Exemption of Capital Gains on Sale of Main Residence
Newsletter - October 2021
In accordance with Article 150 U, II-1° and 3° of the French Tax Code, the capital gain made on the sale of a main residence and its appurtenances is exempt from tax, provided that all the conditions stipulated by law and laid down by the courts are met.
Definition of Main Residence
Main residence means the dwelling (house or apartment) that is the seller’s habitual and effective place of residence.
An habitual residence is one that is near the seller’s workplace and the children’s school, but also one for which effective occupancy as a main residence can be proved by utility bills.
Proof of effective occupancy may be provided by any means. Six months’ occupancy has been considered sufficient to benefit from the exemption (Douai Administrative Court of Appeal, 4 December 2019).
Occupancy at the time of Sale to be Exempt
In principle, the dwelling must be the seller’s main residence on the date of sale.
However, case law and administrative doctrine have allowed some flexibility in the application of this condition. Therefore, when the property has been occupied as a main residence until it was put on sale but is vacant on the date of sale, the exemption applies if the sale took place within a normal timeframe.
The tax administration considers a year to be a normal timeframe. The Conseil d’Etat has added that the maximum timeframe depends on the specific circumstances of each sale (CE, 6 October 2010).
- Property sold after separation or divorce: for the spouse or partner who remained in the property, the exemption applies. For the partner who moved out, the exemption may be sought under administrative doctrine. In this case, the following conditions must be met:
- The dwelling was occupied by the former spouse or partner until it was put on sale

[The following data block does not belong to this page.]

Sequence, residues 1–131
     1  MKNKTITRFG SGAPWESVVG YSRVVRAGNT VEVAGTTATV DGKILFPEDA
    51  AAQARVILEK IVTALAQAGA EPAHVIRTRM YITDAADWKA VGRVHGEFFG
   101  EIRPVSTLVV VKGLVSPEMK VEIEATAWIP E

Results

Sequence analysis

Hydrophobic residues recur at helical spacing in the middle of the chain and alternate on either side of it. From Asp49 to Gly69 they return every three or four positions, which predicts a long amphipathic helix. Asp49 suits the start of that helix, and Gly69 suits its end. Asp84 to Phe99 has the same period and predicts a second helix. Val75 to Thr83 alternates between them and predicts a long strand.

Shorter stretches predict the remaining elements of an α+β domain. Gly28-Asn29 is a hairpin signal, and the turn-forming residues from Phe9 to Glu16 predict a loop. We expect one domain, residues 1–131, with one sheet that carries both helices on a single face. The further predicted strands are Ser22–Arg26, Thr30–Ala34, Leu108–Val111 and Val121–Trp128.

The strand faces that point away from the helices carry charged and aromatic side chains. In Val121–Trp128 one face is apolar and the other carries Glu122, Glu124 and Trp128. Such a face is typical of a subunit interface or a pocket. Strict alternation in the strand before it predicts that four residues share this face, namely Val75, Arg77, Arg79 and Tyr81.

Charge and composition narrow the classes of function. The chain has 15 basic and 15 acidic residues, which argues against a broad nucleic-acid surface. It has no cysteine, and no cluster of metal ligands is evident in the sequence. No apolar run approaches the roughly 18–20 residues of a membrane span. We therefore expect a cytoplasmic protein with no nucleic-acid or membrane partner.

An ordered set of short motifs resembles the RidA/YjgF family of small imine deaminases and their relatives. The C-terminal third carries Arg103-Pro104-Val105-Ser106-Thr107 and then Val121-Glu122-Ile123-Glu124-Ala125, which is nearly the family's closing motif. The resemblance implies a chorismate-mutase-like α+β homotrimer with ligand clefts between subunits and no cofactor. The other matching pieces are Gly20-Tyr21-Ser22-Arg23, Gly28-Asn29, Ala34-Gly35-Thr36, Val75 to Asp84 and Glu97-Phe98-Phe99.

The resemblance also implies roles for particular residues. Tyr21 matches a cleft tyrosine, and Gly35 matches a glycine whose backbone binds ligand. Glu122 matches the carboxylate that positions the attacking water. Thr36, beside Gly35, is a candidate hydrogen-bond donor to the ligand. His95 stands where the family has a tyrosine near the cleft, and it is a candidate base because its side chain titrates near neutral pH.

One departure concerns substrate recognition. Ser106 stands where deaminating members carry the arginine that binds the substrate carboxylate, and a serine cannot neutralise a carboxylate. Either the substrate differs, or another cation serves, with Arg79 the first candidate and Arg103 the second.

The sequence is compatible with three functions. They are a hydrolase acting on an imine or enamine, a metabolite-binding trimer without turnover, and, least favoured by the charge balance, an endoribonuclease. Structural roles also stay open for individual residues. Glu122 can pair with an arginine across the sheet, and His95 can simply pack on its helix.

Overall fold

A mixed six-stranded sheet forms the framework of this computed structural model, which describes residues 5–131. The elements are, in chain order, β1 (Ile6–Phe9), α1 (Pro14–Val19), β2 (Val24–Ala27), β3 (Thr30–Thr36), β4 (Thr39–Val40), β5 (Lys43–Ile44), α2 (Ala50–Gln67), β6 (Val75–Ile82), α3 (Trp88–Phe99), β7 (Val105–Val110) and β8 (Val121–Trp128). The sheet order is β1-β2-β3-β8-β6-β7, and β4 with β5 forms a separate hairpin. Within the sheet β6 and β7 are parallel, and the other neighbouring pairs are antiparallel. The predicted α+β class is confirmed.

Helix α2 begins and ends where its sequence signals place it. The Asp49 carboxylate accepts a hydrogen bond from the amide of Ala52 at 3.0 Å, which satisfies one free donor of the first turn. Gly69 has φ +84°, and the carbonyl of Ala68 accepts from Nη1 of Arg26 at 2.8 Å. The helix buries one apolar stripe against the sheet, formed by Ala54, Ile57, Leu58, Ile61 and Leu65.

- The sale takes place within a normal timeframe
- Property under construction that is sold due to the transfer, disability or death of the seller or their spouse/partner: the exemption applies provided that the dwelling was intended to be the main home and the seller did not own the dwelling that they lived in during the construction.
Immediate and Necessary Appurtenances
Appurtenances of the main residence, which are also exempt if they are sold at the same time, include garages (within a one kilometre radius), parking spaces, passageways, courtyards, and all the land surrounding the property.
Specific point: the capital gain made on the sale of a part of the land as a building plot is not exempt.
- Property owned in indivision: the share of the capital gain relating to the part of the building occupied as a main residence is exempt
- Split ownership:
- Sale by the seller holding the property in full ownership: the sale of the usufruct or bare ownership can benefit from the exemption
- Sale by the usufructuary: the exemption can apply insofar as the building constitutes their main residence
- Sale by the bare owner: the exemption does not apply
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